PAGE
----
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Violent Crime in the United States of America: A Time-Series Analysis Between 1960-2000

  • George Saridakis

    ()

This paper empirically assesses the effect of socio-economic and demographic variables on violent crime in the United States. Using national-level time-series data over the period 1960-2000, I estimate an unrestricted vector autoregressive (VAR) model individually for overall violent crime, murder, rape and assault. The results indicate that there is no long-run relationship among the examined variables, but a significant short-run relationship holds. Imprisonment growth, income inequality, alcohol consumption, and racial composition of the male youth population are shown to influence the short-run behaviour of violent crime.

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File URL: http://www.le.ac.uk/economics/research/RePEc/lec/leecon/dp03-14.pdf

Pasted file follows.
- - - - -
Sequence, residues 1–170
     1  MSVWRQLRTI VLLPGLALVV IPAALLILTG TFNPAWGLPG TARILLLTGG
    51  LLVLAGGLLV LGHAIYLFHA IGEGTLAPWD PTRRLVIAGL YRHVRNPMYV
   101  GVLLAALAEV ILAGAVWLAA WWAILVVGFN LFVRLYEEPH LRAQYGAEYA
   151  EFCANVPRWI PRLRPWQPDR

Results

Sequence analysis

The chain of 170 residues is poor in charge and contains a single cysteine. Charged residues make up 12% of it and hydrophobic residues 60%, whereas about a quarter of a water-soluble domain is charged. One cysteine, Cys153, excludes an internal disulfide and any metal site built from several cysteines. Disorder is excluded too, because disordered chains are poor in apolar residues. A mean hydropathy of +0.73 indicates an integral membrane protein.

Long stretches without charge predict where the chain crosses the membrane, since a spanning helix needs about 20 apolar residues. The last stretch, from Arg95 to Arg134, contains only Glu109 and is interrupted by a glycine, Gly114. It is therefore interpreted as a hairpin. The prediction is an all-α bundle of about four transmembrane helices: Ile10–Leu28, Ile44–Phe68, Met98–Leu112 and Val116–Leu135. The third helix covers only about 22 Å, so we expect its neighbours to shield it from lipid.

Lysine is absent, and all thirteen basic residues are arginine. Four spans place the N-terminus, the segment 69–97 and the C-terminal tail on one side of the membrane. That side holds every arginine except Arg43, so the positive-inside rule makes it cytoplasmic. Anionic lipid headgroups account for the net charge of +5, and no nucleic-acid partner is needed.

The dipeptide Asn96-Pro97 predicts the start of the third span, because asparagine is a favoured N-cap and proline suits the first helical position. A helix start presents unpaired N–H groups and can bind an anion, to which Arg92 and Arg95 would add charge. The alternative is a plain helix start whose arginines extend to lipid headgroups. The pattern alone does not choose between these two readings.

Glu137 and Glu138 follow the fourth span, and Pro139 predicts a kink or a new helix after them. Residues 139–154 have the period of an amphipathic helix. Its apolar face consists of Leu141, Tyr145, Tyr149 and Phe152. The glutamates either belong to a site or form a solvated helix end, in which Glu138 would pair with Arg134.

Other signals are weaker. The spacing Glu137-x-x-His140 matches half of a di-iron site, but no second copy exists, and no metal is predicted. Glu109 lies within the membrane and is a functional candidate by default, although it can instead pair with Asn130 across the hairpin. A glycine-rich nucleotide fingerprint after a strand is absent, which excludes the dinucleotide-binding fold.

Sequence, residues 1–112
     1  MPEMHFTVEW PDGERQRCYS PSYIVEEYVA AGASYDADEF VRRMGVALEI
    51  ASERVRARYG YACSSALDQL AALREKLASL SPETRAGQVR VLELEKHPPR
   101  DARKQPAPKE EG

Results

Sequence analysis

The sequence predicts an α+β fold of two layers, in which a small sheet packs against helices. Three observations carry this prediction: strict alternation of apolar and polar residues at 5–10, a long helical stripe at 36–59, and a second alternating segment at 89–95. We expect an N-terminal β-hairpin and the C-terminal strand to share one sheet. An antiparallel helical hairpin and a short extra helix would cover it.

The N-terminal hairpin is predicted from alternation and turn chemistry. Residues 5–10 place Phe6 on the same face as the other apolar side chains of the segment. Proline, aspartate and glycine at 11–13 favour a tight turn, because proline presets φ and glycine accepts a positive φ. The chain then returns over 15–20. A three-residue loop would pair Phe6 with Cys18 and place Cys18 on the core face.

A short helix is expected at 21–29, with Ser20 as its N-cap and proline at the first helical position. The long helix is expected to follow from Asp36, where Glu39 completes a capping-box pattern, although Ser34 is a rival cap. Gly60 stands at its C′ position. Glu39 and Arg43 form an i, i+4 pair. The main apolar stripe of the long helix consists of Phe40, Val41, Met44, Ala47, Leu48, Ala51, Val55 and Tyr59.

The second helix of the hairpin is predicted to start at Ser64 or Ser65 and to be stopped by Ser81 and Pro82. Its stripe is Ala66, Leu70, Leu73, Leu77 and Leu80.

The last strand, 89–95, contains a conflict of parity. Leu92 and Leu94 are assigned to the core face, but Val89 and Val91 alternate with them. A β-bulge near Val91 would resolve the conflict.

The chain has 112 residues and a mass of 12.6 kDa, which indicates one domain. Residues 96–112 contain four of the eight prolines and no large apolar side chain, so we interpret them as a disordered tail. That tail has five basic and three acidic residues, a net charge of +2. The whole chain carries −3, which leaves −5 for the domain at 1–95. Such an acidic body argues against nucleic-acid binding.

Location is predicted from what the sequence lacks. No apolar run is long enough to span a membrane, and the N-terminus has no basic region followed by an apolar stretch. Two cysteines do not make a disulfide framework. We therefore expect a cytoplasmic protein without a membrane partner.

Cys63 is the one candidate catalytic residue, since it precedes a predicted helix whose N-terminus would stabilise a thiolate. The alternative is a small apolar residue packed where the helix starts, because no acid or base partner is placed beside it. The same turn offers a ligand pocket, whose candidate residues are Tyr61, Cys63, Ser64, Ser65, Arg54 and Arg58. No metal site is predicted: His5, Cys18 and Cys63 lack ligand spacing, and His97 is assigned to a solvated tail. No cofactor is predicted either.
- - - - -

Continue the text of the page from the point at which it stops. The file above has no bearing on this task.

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Paper provided by Department of Economics, University of Leicester in its series Discussion Papers in Economics with number 03/14.

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Date of creation: Oct 2003
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Handle: RePEc:lec:leecon:03/14
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  16. Matthew Rabin, 1998. "Psychology and Economics," Journal of Economic Literature, American Economic Association, vol. 36(1), pages 11-46, March.
  17. Harbo, Ingrid, et al, 1998. "Asymptotic Inference on Cointegrating Rank in Partial Systems," Journal of Business & Economic Statistics, American Statistical Association, vol. 16(4), pages 388-99, October.
  18. Steven D. Levitt, 1996. "The Effect of Prison Population Size on Crime Rates: Evidence from Prison Overcrowding Litigation," The Quarterly Journal of Economics, Oxford University Press, vol. 111(2), pages 319-351.
  19. Ehrlich, Isaac, 1973. "Participation in Illegitimate Activities: A Theoretical and Empirical Investigation," Journal of Political Economy, University of Chicago Press, vol. 81(3), pages 521-65, May-June.
  20. Fajnzylber, Pablo & Lederman, Daniel & Loayza, Norman, 2002. "Inequality and Violent Crime," Journal of Law and Economics, University of Chicago Press, vol. 45(1), pages 1-40, April.
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